Yesterday, we noted the Gemara’s discussion in Masekhet Sukka (11b) regarding the view of Rabbi Yehuda that one does not fulfill the mitzva of arba minim on Sukkot unless the lulav, hadasim and aravot are bound together. The Gemara explains that Rabbi Yehuda derived his position based on the word “u-lkachtem” (“you shall take”) with which the Torah formulates the command of arba minim (Vayikra 23:40). This same word was used by God in instructing Benei Yisrael before the Exodus to take a bundle of hyssop branches with which to apply the blood of the pesach sacrifice on their doorposts in preparation for the plague of the firstborn. Rabbi Yehuda understood that just as in Egypt, Benei Yisrael were commanded to take “agudat eizov” – a wrapped bundle of hyssop branches, similarly, the mitzva of arba minim requires taking the three branches (the lulav, hadasim and aravot) as a bound bundle.
How might we understand the symbolic meaning of this association drawn by Rabbi Yehuda between the bundle of hyssop branches used on the night of the Exodus, and the four species on Sukkot?
Hyssop – a common, inexpensive plant – is often regarded as a symbol of simplicity and lowliness. When Benei Yisrael left Egypt, they all were, in a sense, lowly. They had all suffered oppression and degradation at the hands of the Egyptians. The binding of the hyssop branches at the time of the Exodus points to the unity that needed to be forged among the people, all of whom had been downtrodden and afflicted, and now prepared to rise together to a position of distinction, becoming members of God’s treasured nation. In direct contract, the four species drastically differ from one another. A celebrated passage in the Midrash (Vayikra Rabba 30:12) famously views the four species as representing different types of Jews – the fragrant, luscious etrog symbolizing those who excel in both scholarship and good deeds, the scentless, flavorless aravot symbolizing those who excel in neither area, and the lulav and hadasim representing those who excel in one but not the other. Whereas Benei Yisrael in Egypt came together when they were all comparable to “hyssop,” Sukkot celebrates our nation’s success and prosperity in the Land of Israel, when numerous drastically different groups exist. On Sukkot we are challenged with the requirement of “egged” – to join together in unity, despite our differences. Whereas in Egypt we bonded while standing all together on the lowest socioeconomic rungs, on Sukkot we must strive to come together despite some being an “etrog” and others being an “arava.” As our nation grows and flourishes, it is only natural that many distinct groups and subgroups will form. The mitzva of four species calls upon us to work towards bringing all these groups together in peace, harmony and mutual devotion.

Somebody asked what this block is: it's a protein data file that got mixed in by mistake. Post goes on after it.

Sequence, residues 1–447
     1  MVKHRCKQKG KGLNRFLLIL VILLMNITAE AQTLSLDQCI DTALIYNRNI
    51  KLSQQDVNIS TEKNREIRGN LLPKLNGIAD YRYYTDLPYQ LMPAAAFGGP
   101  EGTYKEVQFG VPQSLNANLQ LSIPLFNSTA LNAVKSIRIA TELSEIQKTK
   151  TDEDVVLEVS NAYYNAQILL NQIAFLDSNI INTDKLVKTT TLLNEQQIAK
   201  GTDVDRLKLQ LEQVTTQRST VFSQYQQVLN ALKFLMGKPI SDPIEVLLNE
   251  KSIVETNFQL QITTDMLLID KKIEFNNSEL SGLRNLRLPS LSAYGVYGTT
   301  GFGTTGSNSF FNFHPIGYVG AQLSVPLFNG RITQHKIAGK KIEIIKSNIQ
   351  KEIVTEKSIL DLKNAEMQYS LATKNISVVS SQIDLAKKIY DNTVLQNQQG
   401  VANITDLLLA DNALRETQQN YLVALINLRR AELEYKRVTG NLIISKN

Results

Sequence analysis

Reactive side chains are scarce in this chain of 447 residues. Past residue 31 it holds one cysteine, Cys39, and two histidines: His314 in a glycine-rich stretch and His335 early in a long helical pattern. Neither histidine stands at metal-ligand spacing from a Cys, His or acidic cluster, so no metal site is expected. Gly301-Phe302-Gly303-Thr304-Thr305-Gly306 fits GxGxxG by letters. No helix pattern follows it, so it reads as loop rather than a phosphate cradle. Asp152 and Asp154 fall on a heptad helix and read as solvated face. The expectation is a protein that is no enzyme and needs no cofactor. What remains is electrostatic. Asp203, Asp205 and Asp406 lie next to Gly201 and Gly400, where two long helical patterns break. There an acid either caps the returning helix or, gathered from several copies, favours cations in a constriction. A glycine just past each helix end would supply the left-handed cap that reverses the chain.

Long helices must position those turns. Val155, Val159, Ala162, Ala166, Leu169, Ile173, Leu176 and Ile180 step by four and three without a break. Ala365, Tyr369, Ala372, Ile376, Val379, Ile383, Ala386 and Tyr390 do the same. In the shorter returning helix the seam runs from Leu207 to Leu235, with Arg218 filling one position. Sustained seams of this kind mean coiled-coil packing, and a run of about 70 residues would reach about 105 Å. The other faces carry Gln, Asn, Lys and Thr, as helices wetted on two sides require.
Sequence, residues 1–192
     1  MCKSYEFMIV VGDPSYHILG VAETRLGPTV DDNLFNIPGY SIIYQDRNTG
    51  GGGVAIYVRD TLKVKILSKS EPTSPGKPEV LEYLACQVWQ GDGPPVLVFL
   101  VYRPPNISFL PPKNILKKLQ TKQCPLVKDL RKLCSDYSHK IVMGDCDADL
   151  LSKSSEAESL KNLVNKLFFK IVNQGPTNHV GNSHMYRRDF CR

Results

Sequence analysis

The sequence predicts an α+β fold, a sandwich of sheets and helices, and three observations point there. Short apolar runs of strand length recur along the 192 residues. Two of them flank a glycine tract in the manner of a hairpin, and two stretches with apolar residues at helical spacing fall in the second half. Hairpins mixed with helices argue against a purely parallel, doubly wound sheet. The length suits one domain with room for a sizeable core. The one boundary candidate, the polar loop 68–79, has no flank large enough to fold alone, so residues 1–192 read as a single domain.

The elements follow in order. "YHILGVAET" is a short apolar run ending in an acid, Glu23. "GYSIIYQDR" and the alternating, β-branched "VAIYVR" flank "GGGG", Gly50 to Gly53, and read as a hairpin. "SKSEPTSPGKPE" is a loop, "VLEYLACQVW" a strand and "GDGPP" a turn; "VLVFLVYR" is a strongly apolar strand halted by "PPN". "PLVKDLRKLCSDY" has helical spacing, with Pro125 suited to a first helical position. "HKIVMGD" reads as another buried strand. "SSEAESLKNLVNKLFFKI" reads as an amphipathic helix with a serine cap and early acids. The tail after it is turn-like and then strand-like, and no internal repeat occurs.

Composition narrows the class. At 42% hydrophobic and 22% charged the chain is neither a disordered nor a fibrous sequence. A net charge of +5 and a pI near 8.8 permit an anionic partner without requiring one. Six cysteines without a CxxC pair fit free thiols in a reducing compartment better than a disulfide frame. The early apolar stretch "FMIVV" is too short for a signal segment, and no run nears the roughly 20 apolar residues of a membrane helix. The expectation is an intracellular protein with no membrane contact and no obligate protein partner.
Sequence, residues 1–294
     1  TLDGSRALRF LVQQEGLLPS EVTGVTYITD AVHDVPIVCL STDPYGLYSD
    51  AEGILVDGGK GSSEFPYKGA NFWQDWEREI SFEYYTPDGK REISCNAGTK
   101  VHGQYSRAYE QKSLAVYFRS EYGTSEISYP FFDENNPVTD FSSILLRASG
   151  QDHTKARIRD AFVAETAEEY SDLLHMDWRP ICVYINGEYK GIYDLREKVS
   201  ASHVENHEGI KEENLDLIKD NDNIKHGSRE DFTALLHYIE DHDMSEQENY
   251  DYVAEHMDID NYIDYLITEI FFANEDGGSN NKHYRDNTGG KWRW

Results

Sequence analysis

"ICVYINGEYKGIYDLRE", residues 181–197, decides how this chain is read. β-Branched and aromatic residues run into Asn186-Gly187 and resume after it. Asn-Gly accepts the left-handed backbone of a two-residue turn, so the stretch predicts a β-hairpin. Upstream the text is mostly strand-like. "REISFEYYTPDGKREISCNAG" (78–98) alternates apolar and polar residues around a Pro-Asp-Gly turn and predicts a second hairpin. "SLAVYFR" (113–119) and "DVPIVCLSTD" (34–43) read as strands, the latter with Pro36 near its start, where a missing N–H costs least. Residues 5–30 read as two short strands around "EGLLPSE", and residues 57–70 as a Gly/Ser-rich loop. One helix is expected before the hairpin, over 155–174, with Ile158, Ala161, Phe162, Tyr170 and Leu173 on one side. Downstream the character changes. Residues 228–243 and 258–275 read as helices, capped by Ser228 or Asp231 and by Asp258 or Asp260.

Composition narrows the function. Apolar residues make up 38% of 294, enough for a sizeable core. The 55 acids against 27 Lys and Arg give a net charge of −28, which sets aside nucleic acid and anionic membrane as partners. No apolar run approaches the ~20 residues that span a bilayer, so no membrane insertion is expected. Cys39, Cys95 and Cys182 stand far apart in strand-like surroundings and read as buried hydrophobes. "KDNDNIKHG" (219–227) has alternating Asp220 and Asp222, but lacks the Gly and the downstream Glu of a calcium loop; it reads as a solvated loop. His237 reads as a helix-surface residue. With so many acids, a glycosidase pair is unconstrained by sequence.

Later (27b), in discussing the laws of sukka, the Gemara notes that the Torah spells the word “sukkot” (Vayikra 23:42) without the letter vav, such that it may be read in the singular form (as “sukat”). The Gemara points to this spelling as the source of the accepted view among the Tanna’im that one may fulfill the mitzva of sukka in somebody else’s sukka (as long as he has permission to be there). The allusion to the singular form, the Gemara explains, indicates that all Benei Yisrael could, in theory, fulfill the mitzva with just a single sukka, thus showing that one does not have to use his own sukka for the fulfillment of the mitzva. The sukka serves to remind us of our ancestors’ miraculous sojourn through the wilderness, where they lived under the loving, supernatural care of the Almighty. During this period, everyone was sustained by their daily portion of manna. There was no competition and no tensions between different classes. The entire nation lived in a single “sukka,” so-to-speak, together cared for by God. On Sukkot, we are to relive this experience by living in our fragile, temporary sukkot, but also by feeling a sense of bonding with the rest of the nation. We are to see ourselves as a single “bundle” of equal members seeking to serve God and living under His direct, loving care. As we leave our homes and try to recreate our ancestors’ experience in the desert, we reaffirm our faith in God’s protection as well as our inextricable link to all our fellow Jews, despite the many important differences that exist between us.